Meanwhile, Amazon has an ever-growing list of compatible apps including Domino's Pizza and Uber, allowing you to either have your pizza delivered or request a ride over to the store to pick it up yourself.
On a more practical note, Amazon has recently taken an interest in smart home device manufacturers, too, creating partnerships with Samsung to integrate SmartThings control into the Echo and Philips's Hue lighting system.
Though it's not like Google, owner of Nest, is hurting in the home automation department. During the I/O keynote, it told audiences that Google Nest, which started as a smart thermostat but has since expanded to include a range of home automation devices, will be the first to be integrated into Home's functionality.
We haven't had a chance to try out Google Home, but if Google succeeds in integrating just its existing services it has the potential to run laps around Amazon.
When it first launched, Alexa's functionality was fairly basic and limited to more mundane conversations like asking about the weather or the time. As Amazon continued to develop the software however, Alexa gained the ability to talk about calendars, sports and what we should have for dinner.
We're not quite living in a Star Trek-esque future just yet where the device will understand your every command, but Alexa is advanced enough to understand multiple phrasings of the same question, for example.
Amazon has a strong track record for the past two years, sure, but it's going up against Google, a company who's had a strong track record in information parsing for the last two decades.
Although Google Assistant, the software powering Google Home, is new, the technology is based on the work Google has already put into its Google Now voice search functionality.
We're hoping that this means the software will launch in a relatively advanced state ... but it's impossible to say for sure until we've tried it out for ourselves.
The Echo is not an especially cheap bit of kit. The Echo Dot, the cheapest device to integrate Alexa, costs $90. The standard Echo unit costs $180. For a still unknown reason, however, no Echo devices are currently available outside of the US.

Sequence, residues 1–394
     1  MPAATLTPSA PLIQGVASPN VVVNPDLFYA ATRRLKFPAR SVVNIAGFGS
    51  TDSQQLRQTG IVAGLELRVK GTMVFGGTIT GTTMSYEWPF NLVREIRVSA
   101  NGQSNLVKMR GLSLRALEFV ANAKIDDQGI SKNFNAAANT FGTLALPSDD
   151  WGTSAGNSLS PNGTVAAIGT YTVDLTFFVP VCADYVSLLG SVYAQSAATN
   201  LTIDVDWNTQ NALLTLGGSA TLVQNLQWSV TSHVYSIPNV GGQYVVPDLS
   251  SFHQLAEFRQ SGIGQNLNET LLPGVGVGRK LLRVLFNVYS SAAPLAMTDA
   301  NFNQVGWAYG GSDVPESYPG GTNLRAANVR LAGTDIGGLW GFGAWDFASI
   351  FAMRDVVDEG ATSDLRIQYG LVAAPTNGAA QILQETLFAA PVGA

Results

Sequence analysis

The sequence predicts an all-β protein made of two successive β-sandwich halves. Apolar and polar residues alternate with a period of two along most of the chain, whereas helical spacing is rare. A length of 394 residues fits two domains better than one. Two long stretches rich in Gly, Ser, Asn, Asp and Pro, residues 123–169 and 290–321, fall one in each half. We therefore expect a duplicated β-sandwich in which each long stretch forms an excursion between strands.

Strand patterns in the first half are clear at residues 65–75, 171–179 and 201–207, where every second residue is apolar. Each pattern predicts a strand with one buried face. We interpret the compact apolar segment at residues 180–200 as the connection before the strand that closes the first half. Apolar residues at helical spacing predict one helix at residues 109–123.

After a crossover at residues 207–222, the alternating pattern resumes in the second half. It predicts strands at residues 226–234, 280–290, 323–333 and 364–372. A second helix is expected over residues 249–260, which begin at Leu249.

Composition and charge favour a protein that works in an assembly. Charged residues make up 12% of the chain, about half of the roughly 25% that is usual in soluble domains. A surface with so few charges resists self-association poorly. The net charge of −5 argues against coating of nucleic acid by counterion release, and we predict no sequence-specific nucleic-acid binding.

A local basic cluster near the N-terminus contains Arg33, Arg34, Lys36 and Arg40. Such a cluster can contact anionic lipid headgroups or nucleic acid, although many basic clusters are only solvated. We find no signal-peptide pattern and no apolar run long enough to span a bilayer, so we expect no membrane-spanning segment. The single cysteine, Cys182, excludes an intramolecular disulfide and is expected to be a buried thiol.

Google has yet to announce pricing for the Google Home, but it has a habit of releasing very cheap devices to get technology into people's homes. For years its Nexus phones were the cheapest flagship handsets around, and the Chromecast was just $35 (£30, AU$50) when it first launched in 2013.
It's hard to speculate on its eventual price but, based on historical data, it wouldn't be too much of a stretch to guess Google Home will cost $199 or less.
Amazon's Echo functionality is proven, and has been refined over the course of its first year of release. It's on a successful trajectory that, if it should continue, will make the Amazon Echo a mainstream commodity in the next few years.
Google Home, meanwhile, is a bit of an unknown, but Google's existing services already heavily integrate a number of different external apps and functionality. If Google leverages these existing connections, then it could end up being a very capable mass market device.
The one disadvantage Google might have, however, is that it's already in competition with many of the services it will want Home to work with – it might be hard to convince other smart thermometer makers to build Google Home functionality into their devices while Google Nest continues to bogart the market for itself.
Because Amazon offers fewer services of its own, it might be that the Echo earns more allies should manufacturers align themselves against Google Home.
We're very excited for the future of both products, obviously, and will continually update this hub as the two products grow, shift, and evolve over the coming months.